LOS ANGELES – The NHL has long been looked at as a predominantly white sport, but the league is celebrating the contributions of African-American and African-Canadian players during Black History Month.
The league put together the American Legacy Black Hockey History Tour as part of its “Hockey is For Everyone” initiative in partnership with the NHLPA.
The 525-square foot mobile museum showcases the history of black players, from pioneer Willie O’Ree, who was the first black player in the NHL when he suited up for the Boston Bruins in 1958, to current superstars P.K. Subban and Seth Jones.
“It’s come a long way. There are not only more black players, but players of color playing in the league now,” O’Ree said. “Everything is moving in the right direction.”
The museum was created to help shed light on the fact that hockey is for everyone and has toured NHL cities throughout the last two months.
Here in Los Angeles, the people coming in to look at it were predominantly people of color, a welcome sight for organizers.
“This museum is a way of introducing the game of hockey to people who haven’t had the chance to see the game,” museum co-curator Damon Kwame Mason said. “We want to get new fans and possibly people who want to get involved in the game of hockey.”
It hasn’t always been a smooth ride and there will continue to be bumps in the road.
O’Ree looked back at when he was trying to break the color barrier and recalled the difficulty in earning respect around the league just because of the color of his skin.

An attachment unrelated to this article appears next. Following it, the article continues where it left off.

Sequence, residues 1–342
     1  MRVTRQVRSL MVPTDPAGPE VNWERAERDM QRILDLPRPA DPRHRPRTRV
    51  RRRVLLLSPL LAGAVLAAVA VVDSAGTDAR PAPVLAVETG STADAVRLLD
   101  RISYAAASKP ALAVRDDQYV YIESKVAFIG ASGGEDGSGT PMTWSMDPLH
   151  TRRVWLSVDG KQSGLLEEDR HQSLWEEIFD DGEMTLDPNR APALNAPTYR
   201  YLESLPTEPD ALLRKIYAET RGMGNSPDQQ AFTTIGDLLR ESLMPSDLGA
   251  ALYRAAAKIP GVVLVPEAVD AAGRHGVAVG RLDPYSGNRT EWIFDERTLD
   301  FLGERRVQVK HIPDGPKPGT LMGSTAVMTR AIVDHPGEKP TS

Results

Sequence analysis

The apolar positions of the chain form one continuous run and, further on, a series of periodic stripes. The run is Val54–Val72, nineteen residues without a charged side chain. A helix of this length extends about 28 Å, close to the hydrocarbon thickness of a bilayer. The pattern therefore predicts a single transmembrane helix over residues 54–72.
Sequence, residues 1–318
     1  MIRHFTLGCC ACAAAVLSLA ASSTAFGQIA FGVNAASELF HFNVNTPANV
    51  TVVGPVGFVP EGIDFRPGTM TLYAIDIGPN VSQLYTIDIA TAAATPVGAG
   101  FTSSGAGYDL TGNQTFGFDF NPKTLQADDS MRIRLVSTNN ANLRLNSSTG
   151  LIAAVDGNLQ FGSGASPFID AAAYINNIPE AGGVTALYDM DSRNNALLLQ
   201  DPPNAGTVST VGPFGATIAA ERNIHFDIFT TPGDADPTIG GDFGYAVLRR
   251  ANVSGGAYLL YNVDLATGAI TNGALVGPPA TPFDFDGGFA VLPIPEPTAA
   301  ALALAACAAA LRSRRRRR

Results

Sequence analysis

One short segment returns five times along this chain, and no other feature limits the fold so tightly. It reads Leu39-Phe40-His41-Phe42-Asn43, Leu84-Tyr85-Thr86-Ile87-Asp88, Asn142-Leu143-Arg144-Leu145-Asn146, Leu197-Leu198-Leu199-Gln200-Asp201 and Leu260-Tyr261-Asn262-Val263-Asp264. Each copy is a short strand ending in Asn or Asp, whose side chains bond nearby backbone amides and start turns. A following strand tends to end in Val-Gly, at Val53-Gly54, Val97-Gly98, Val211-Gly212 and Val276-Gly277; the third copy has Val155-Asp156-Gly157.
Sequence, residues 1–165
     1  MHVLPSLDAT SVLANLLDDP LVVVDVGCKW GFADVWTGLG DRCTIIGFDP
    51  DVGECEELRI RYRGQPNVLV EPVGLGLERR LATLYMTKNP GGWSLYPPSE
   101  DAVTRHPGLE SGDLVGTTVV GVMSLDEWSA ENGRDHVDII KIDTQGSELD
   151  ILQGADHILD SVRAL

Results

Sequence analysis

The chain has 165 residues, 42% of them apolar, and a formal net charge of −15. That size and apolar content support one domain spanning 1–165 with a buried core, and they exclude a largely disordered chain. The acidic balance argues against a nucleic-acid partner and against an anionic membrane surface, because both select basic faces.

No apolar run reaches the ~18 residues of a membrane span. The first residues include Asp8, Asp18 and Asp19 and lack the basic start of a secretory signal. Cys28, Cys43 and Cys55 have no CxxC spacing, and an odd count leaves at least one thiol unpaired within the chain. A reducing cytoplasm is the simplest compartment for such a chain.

“I faced racism, ignorance and bigotry every game,” he said. “If people can’t accept you for who you are, then that’s their problem. Racism exists today in hockey, but now we are talking about the issue.”
When former NHL’er Akim Aliu broke his silence about how his coach at the time, Bill Peters, consistently used the N-word while he was in the AHL, it raised questions about just how inclusive a sport is where 97% of its players are white.
Mason chose to look at the positive side of the incident.
“When we hear about these situations, we have to talk about them, which opens up the dialogue,” he said. “Now we can look at how to rectify it and how we can get better in the future. If we can show there is a change coming, that is how we can make the game better.”
Even though the actions of Peters shined a light on the ugly side of racism in hockey, the league is taking steps in the right direction.
Professional hockey player Blake Bolden was hired by the L.A. Kings as the team’s AHL scout in the Pacific region. She is the NHL’s first black female pro scout and second woman to be hired in that role by a team in the league.
“I am really proud to be a part of this and honored to have the opportunity to breakdown barriers,” Bolden said. “Recognizing black history is super cool and relevant to what we are seeing in the museum.”
With more minorities playing the game at a young age, Mason thinks the future is bright. He sees a ton of potential for growth over the next 10 years.
“Minorities have been playing the game since the 1800’s, but the problem is the inclusivity of it,” Mason said. “I am hoping to see more people of color working inside the game and there are a lot of kids coming up, hopefully we get to see a No. 1 pick who is a minority sooner than later.”
O’Ree looked around the museum with a smile. He couldn’t help but notice the pictures of current black NHL players and be proud.
“These guys deserve to be able to get the same attention as the white players in the league,” he said. “They’re at this level because of their hard work and talent not just because of their color.”
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